11) If the resident refuses a bath because he or she prefers a shower or a different bathing method such as in-bed bathing, prefers it at a different time of day or on a different day, does not feel well that day, is uneasy about the aide assigned to help or is worried about falling, the staff member should make the necessary adjustments realizing the resident is not refusing to be clean but refusing the bath under the circumstance provided. The facility staff should meet with the resident to make adjustments in the care plan to accommodate his or her preferences.

12) The food procurement requirements for facilities are not intended to restrict resident choice. All residents have the right to accept food brought to the facility by any visitor(s) for any resident.

13) Procedure [for Surveyor to Follow]: For a sampled resident, use resident and family interviews as well as information from the Resident Assessment Instrument (RAI) to consider the resident’s former life style and personal choices made while in the facility to obtain a picture of the resident’s individual needs and preferences.

14) Throughout the survey, observe: Do staff show respect for residents? When staff interact with a resident, do staff pay attention to the resident as an individual? Do staff respond in a timely manner to the resident’s requests for assistance? Do they explain to the resident what care they are doing or where they are taking the resident? Do staff groom residents as they wish to be groomed?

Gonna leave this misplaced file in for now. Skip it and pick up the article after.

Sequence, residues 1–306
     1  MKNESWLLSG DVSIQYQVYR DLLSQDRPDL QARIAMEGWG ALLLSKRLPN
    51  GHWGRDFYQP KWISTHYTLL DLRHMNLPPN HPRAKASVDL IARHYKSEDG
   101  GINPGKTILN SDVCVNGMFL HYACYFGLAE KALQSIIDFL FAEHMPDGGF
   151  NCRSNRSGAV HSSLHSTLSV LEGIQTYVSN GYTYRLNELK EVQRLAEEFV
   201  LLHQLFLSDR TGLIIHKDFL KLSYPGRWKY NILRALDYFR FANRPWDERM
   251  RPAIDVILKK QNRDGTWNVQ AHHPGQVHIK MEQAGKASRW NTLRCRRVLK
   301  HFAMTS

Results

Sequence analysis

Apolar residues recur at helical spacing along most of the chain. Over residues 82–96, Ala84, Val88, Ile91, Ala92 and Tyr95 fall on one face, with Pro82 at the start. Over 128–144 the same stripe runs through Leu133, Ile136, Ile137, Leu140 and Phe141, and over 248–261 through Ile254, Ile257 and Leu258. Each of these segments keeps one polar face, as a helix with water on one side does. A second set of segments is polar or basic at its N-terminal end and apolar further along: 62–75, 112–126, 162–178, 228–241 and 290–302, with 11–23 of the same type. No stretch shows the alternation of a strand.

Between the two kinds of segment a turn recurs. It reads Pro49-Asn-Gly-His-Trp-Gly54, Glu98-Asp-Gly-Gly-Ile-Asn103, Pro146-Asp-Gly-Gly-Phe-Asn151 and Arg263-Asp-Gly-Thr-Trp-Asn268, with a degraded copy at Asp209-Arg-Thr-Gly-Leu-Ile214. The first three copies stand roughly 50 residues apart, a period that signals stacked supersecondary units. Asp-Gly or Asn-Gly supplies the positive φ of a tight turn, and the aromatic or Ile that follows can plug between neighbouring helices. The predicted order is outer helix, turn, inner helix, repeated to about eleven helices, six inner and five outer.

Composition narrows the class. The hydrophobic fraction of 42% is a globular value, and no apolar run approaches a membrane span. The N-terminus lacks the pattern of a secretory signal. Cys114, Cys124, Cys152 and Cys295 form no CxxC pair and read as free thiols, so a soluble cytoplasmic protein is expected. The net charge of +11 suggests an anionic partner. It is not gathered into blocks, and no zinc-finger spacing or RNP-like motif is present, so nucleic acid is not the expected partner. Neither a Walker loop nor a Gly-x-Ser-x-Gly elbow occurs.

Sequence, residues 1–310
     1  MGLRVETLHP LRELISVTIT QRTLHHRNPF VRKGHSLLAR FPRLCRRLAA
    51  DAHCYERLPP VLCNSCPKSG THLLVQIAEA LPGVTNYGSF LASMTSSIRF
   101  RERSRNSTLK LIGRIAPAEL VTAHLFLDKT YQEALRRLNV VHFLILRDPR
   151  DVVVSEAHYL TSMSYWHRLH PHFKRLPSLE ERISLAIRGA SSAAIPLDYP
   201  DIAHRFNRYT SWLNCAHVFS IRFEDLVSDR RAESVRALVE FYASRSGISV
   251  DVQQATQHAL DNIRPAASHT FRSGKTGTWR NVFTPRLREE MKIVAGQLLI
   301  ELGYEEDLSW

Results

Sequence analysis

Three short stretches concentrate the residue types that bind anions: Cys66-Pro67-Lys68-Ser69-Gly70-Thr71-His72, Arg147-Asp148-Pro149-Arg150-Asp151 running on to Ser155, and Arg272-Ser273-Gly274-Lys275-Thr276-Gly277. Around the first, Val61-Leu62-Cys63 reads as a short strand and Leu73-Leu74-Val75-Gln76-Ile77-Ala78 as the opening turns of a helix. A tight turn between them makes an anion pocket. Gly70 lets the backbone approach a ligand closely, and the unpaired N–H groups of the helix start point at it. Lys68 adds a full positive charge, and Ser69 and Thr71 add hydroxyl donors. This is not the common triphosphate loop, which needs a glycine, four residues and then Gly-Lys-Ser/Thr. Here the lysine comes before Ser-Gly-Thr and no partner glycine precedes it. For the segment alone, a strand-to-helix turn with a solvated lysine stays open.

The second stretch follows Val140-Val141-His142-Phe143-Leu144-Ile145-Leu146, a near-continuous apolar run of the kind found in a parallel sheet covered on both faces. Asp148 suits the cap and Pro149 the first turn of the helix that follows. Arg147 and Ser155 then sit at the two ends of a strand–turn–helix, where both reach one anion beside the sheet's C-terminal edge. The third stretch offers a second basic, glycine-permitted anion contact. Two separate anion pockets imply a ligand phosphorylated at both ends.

15) In group activities, do staff members focus attention on the group of residents? Or, do staff members appear distracted when they interact with residents? For example, do they continue to talk with each other while doing a “task” for a resident(s) as if the resident were not present?

16) Determine if staff members respond in a dignified manner to residents with cognitive impairments, such as not contradicting what residents are saying, and addressing what residents are trying to express (the agenda) behind their behavior. For example, a resident with dementia may be attempting to exit the building in the afternoon, but the actual intent is a desire to meet her children at the school bus, as she did when a young mother. Allowing the behavior under supervision such as walking with the resident without challenging or disputing the resident’s intent and conversing with the resident about the desire (tell me about your children) may assist the behavior to dissipate, and the staff member can then invite the resident to come along to have a drink or snack or participate in a task or activity.

Website Resources:

NEW CMS GUIDELINES CALL FOR HOMELIKE ENVIRONMENT IN NURSING HOMES, Centers for Medicare and Medicaid Services, April 10, 2009.